BlogHer Mondays: A Chance to Live it Right

How much time are we willing to spend debating right thinking at the expense of right living?

The last couple of years I’ve been captivated by the idea of orthopraxy as opposed to orthodoxy. Orthodoxy is the concept of ‘right thinking,’ or ‘right belief.’ In a system which requires orthodoxy, belonging requires one to believe a certain set of assertions. If one cannot ascribe to those beliefs, then membership in that system is denied, and one can no longer belong.

Orthopraxy on the other hand is the idea of having ‘right practice.’ Rather than requiring alignment to doctrinal assertions, an orthopraxy places the emphasis on living according to a certain collection of practices.

Karen Armstrong, an interfaith specialist who writes and teaches about Islam, Judaism, and Christianity, writes in her autobiography about her own realization that one could be a person of faith without holding orthodox beliefs.

As a part of her research work, Armstrong was introduced to Jewish scholar Hyam Maccoby, who introduced her to the idea that one could have a faith based upon right living rather than right belief. In fact, he told her, the idea that faith is primarily about right belief is largely a Christian phenomenon.

“It is easy to see that you were brought up Christian….Theology is just not important in Judaism, or in any other religion really. . … We have orthopraxy instead of orthodoxy…right practice rather than right belief. That’s all. You Christians make such a fuss about theology, but it’s not important in the way you think….We Jews don’t bother much about what we believe. We just do it instead.” The Spiral Staircase P. 235,236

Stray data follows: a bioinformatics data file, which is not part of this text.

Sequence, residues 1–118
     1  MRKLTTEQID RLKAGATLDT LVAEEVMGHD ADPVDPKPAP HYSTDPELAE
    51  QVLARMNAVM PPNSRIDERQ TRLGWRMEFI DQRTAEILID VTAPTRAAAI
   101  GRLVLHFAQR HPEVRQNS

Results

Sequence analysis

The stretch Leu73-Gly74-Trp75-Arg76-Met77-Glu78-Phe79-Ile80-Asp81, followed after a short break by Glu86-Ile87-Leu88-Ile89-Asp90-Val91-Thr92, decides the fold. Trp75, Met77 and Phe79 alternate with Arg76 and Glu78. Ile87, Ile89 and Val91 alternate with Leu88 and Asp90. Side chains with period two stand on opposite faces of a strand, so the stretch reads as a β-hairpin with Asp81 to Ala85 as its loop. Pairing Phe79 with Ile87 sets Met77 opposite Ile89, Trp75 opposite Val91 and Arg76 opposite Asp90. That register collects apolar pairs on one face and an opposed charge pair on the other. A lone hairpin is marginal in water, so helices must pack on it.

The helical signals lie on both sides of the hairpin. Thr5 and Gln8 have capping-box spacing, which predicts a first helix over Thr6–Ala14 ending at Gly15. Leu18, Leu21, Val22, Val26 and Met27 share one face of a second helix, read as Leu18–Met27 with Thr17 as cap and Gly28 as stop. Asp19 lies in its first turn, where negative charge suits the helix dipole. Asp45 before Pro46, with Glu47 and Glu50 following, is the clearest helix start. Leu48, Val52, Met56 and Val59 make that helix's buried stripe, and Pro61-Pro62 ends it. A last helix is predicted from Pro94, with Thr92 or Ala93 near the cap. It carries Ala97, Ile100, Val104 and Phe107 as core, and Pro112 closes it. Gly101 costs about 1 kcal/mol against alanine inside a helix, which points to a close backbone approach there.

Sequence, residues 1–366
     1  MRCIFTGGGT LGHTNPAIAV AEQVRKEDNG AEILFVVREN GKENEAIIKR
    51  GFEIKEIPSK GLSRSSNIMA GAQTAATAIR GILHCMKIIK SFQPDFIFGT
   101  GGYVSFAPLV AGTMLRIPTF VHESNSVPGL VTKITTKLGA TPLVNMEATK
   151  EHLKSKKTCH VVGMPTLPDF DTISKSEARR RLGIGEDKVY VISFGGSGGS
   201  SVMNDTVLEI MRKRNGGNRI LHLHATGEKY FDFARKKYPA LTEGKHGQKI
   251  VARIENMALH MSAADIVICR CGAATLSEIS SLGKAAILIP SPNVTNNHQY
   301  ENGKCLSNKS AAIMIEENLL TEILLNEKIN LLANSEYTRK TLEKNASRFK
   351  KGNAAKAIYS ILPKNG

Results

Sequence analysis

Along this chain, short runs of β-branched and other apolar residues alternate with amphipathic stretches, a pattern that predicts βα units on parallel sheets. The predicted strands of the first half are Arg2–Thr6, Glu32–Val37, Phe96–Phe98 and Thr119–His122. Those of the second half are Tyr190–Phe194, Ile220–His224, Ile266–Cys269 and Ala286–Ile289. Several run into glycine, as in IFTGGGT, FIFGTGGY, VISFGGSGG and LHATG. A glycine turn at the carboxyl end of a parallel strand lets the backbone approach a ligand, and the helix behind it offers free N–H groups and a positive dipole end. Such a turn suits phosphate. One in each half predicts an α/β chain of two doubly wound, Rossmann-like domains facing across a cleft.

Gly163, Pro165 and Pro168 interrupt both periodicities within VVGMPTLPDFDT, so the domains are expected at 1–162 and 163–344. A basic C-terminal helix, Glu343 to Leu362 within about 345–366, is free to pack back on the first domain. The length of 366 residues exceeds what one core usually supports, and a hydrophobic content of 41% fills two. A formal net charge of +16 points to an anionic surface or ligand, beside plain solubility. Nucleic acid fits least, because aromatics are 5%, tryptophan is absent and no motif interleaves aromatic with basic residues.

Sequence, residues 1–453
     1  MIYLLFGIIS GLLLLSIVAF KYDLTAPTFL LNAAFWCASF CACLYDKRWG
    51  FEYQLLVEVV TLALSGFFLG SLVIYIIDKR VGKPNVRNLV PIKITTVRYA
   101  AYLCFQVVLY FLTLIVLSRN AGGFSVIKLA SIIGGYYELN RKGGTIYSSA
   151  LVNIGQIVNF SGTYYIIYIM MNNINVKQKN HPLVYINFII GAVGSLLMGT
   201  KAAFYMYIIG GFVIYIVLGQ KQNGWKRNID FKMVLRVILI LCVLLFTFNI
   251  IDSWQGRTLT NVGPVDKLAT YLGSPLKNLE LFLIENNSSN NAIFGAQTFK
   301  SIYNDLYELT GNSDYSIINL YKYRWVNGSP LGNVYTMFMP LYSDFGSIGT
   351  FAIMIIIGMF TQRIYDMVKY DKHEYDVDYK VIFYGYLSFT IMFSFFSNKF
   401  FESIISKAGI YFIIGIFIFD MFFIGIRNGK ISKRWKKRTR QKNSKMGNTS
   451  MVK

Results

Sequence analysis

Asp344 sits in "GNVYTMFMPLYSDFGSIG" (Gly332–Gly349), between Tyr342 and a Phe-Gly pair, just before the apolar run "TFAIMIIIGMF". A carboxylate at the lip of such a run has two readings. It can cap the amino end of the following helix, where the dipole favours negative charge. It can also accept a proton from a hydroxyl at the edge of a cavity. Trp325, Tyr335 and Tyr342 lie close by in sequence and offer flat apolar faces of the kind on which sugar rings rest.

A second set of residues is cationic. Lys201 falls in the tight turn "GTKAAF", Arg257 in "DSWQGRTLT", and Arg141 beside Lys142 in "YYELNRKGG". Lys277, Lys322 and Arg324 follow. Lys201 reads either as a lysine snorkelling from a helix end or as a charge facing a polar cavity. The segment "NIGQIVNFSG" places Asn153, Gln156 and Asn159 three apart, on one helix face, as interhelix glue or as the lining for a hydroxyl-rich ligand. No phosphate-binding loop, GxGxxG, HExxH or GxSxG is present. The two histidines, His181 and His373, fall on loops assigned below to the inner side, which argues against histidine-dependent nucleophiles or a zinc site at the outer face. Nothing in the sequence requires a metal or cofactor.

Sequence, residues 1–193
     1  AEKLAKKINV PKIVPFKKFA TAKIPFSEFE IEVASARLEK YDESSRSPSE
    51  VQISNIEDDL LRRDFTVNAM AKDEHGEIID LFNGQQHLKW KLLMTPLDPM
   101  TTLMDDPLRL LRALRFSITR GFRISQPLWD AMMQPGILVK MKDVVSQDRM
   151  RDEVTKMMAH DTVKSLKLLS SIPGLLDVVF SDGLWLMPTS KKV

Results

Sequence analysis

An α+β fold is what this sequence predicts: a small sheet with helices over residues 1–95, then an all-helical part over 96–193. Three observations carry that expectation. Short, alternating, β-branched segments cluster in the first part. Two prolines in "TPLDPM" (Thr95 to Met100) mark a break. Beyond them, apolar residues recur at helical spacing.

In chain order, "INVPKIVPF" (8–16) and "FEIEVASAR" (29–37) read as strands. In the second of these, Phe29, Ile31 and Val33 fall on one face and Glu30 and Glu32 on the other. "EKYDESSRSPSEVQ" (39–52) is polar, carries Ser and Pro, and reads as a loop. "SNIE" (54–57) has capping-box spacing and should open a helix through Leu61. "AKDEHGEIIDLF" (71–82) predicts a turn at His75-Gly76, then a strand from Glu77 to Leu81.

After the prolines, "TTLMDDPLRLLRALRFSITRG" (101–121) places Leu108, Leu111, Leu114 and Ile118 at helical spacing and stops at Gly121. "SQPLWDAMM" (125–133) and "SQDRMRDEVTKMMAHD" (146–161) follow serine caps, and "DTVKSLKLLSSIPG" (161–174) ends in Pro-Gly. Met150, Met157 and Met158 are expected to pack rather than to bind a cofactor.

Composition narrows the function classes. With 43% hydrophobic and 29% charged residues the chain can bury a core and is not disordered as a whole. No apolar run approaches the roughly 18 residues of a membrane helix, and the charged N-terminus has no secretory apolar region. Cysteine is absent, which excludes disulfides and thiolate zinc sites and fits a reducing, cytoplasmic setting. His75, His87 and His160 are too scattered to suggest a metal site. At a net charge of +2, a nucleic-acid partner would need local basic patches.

This is probably an oversimplification, and certainly striving after right practice can easily become a legalistic lecture about ticking things off your holy checklist. Still, after a life time of worrying about my orthodoxy, it feels good to focus on how I’m living for awhile.

I’ve been especially inspired this week by soulful folks who have found small and beautiful ways to, as Maccoby says, “just do it” in the world. Each one is an example of an orthopraxy that reflects the beauty and creativity which lies at their spiritual cores.

Tess at Anchors and Masts is spreading the word about World Water Day and inspiring people to take simple, practical steps towards getting communities access to safe drinking water.

Over at Dahl Bat small-sized projects in literacy and fair trade in Kolkata, India.

Young Laura over at Twenty Five Days to Make a Difference has taken her values viral and has inspired kids and adults alike to do something proactive every month to make the world a better place.

And finally, in an act that hits close to home, a small group of Small is Beautiful bloggers are working together to do an on-line auction for sister-blogger Jenni Ballantyne of The Comfy Place. Jen is living her last days with fierce honesty as she looks at the end of line in her fight against colon cancer. To find out how you can help raise funds for her final treatment and for her son’s future, go over to Jena’s place at Bullseye Baby and do some orthopraxis of your very own.

Here’s to orthopraxis in all the best sense of the word. Shalom!

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Elaine March 26, 2008 at 3:52 pm

Hi Rachelle.

So glad you published this post here. I keep forgetting to go to Blogher on Mondays. Lately I’ve been reading and listening to Karen Armstrong. I love her words about compassion.

I will send you some links to podcasts later. One is a Speaking of Faith interview; the other is a recent CBC Radio Tapestry interview.

Oh…a post like this one…is the reason I still have a “blog-crush on you.” Although I suppose at this stage its evolved to something more mature. Fondness, respect, and admiration.

Take care.

Angela March 28, 2008 at 1:21 pm

Aw……….thank you for posting to Laura…wait until she sees. Lovely links here, all.

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